Today I have another installment of Real Talk, Real Moms for you and this month’s topic is rather apropos. This go round we’re talking about the decision to have more kids. And after a string of strep throat, ear infections, other pre-school induced plagues, schlepping a bazillion bags for “fun” family travel and the general challenge of the three-nager phase, I’ve got all the opinions about this.

Real Talk, Real Moms: Going from One Child to More (or Not) on apartment 34

We actually wrote about this topic when Carter was just over a year old, and now that he’s nearly four I can report that my thoughts on having more kids remains unchanged. In fact, I’m probably more firm, confident and clear in my belief than ever before.

I am not meant to mother more than one child.

I have fully recognized my weaknesses as a mom. A limit to my patience. A touch of selfishness. A desperate desire for a little alone time. A serious need for good sleep.

All of those things would certainly get tested if another baby were added to the mix.

How do you know if you should have a second baby anyway?

Lots of people say, well you don’t want to deny your child a sibling. And while yes, I agree – I never want to “deny” my child of any worthwhile experience, as my pediatrician explained, you do not want to have another baby for your existing child. That’s like getting a puppy in an attempt to save a relationship. Not a good idea. Another child should only be had because you want to love and raise another being. (and ps, who says siblings are actually going be friends anyway? I know many a case where siblings basically hate each other).

And while I look at friends who are having their second kids and in some case their thirds, I continue to have zero urge to go through it all again. Giving up my body to grow a tiny human, birthing said human and then diving right back into the sleepless nights, one million diapers and another year (or two) of breast-feeding?? As I prepare to say so long to my 30’s, I’m feeling very done with that phase. My one pang of nostalgia about my baby growing up resulted in us getting a puppy, further cementing my belief that I could not survive the baby phase a second time around (warning: puppies are a LOT of work people.)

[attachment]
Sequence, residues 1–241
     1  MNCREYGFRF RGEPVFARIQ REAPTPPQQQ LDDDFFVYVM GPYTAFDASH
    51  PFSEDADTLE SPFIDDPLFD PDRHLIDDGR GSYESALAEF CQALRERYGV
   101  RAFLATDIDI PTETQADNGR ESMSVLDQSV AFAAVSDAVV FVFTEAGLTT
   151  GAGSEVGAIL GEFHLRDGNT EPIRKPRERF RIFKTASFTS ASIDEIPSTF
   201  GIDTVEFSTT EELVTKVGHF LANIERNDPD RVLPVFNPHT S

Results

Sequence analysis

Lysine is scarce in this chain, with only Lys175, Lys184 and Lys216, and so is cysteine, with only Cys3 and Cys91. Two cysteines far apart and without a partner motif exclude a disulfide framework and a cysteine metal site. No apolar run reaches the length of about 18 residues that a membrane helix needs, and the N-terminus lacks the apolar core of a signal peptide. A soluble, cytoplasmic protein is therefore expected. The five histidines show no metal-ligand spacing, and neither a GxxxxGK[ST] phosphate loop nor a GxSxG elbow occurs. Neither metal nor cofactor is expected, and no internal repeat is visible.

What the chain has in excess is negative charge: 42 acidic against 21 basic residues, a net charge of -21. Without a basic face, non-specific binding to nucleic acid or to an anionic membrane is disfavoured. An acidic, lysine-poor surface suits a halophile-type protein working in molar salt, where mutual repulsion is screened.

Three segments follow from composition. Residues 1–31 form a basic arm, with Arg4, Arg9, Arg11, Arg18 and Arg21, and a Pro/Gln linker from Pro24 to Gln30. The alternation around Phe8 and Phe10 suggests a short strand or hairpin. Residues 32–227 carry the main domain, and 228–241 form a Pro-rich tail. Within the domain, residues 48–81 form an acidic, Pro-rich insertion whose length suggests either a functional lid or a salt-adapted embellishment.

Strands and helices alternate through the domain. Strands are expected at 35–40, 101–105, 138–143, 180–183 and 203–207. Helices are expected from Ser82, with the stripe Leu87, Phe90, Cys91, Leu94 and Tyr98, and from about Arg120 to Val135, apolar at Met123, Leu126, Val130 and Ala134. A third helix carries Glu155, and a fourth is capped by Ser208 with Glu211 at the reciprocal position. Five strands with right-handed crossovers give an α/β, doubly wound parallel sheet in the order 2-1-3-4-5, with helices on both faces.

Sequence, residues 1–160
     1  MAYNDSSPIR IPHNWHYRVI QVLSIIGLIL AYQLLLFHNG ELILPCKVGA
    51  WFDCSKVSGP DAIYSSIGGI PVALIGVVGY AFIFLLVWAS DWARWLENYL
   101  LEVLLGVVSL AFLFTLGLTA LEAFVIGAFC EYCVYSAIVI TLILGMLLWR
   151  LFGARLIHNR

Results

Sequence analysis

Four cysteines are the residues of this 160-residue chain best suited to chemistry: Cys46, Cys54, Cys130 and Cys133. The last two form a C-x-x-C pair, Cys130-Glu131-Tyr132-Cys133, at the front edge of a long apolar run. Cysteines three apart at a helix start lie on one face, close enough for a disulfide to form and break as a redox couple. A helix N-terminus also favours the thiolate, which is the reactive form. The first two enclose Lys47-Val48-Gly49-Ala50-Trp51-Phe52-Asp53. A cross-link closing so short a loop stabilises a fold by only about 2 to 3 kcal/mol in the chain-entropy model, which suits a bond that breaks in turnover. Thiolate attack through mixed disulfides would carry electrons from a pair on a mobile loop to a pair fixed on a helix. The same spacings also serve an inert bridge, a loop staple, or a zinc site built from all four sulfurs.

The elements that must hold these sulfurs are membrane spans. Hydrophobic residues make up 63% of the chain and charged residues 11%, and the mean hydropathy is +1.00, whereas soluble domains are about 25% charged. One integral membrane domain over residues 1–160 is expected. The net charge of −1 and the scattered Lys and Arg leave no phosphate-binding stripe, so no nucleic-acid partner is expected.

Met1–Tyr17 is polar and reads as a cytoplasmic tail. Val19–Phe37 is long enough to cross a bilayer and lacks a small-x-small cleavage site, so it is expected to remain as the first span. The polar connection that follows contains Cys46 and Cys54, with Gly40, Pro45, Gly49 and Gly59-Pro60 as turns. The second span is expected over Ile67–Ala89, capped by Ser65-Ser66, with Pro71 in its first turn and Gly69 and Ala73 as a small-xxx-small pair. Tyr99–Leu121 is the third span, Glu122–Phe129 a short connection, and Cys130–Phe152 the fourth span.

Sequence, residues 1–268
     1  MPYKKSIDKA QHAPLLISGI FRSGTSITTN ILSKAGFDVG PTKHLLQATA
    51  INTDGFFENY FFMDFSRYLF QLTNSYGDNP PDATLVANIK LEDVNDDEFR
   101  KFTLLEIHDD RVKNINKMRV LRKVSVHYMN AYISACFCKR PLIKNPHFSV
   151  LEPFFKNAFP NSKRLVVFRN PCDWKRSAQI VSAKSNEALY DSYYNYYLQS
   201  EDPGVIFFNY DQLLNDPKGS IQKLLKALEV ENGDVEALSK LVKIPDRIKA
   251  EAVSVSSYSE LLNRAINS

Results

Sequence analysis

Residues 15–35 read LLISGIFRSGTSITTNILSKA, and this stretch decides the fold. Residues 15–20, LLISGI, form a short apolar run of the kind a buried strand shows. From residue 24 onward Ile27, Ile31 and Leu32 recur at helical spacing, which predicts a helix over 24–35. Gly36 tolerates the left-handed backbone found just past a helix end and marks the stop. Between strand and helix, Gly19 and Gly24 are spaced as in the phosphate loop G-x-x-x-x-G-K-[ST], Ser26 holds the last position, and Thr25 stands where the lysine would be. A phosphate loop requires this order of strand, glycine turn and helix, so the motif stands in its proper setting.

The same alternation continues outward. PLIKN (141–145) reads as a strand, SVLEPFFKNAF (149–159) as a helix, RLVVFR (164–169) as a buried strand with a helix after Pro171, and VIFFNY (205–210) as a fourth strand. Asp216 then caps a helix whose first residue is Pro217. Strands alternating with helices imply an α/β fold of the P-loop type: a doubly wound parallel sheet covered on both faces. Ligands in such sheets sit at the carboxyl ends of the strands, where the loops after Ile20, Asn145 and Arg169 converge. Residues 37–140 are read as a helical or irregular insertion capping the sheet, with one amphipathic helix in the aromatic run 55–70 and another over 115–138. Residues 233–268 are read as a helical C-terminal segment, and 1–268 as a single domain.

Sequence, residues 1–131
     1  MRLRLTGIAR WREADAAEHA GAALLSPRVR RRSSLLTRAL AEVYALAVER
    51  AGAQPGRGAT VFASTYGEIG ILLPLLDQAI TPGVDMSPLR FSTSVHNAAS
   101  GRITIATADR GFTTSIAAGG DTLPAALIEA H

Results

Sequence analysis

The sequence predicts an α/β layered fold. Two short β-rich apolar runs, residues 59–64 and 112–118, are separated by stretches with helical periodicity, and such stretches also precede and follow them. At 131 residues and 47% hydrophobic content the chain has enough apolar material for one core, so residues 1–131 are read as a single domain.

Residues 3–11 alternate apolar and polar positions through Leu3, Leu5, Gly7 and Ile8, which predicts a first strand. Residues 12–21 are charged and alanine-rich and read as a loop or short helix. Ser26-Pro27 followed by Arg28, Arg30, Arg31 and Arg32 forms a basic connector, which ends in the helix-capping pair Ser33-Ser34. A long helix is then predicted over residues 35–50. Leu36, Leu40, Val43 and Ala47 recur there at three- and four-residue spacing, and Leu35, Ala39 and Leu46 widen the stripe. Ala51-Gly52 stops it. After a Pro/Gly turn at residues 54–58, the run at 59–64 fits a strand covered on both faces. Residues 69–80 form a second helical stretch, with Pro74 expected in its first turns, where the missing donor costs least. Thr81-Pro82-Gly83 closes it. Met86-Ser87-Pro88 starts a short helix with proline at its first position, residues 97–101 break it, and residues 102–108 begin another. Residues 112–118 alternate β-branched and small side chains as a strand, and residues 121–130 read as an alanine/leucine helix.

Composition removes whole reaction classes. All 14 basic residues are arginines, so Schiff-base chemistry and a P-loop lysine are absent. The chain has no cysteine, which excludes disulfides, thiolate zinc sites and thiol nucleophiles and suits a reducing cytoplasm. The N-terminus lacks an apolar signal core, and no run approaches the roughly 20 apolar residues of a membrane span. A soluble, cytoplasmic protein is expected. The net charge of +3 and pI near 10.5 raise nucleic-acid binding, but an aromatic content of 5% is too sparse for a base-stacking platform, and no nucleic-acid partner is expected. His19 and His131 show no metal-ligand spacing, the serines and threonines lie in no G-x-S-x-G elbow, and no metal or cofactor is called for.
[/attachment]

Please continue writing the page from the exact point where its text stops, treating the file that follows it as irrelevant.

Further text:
We also continue to be very happy family of three. I have very serious concerns about what adding someone else to the mix would do to our current equilibrium. We can balance work and family life (though I haven’t done that so well these past couple weeks – so sorry about that dear readers). My husband and I can go on date nights. We can travel relatively easily. We’re not outnumbered. I see the struggles plaguing friends with multiple kids over and over again. When you no longer out number the babies it can be really hard to keep the upper hand. I applaud each and every one of you who do it. I just know that I’m not really up to the task.

While I feel very resolute about having my one and only child, the rampant stigma about only children often rears its ugly head. It’s been around for literally hundreds of years after all. According to NPR, in 1907 the American Psychological Association called only children “sickly, selfish, strange and stupid… and that being an only child is a disease in itself.” It often feels like that opinion hasn’t changed much.

But there’s so much research out there now which shows that only children can in fact be well-adjusted, high functioning members of society with strong social skills. I just discovered the book One and Only, The Freedom of Having an Only Child and the Joy of Being One – all about the raising of only children and I cannot wait to pick up a copy. For example, the book debunks the myth that only children are lonely. Sure, in some cases I’m sure some only children did feel lonely growing up. But as the author Lauren Sandler explains, “for a lot of only children, being alone is the experience of solitude, which is a very rich thing, instead of loneliness, which is a very painful thing.” Interesting, no? As an only child by birth, I actually think I became more social and outgoing because I didn’t have a built in playmate at home.

An only child herself, Sandler also explains her own mother’s rationale for intentionally have just one child:

“My mother was deeply devoted to raising me. To have a happy kid, she figured she needed to be a happy mother, and to be a happy mother, she needed to be a happy person. To do that, she had to preserve her authentic self, which she could not imagine doing with a second child.

Ding ding ding. That is me, all the way. I 100-percent believe that being a very well-rounded adult will lead to raising a well-rounded kid. So far so good anyway.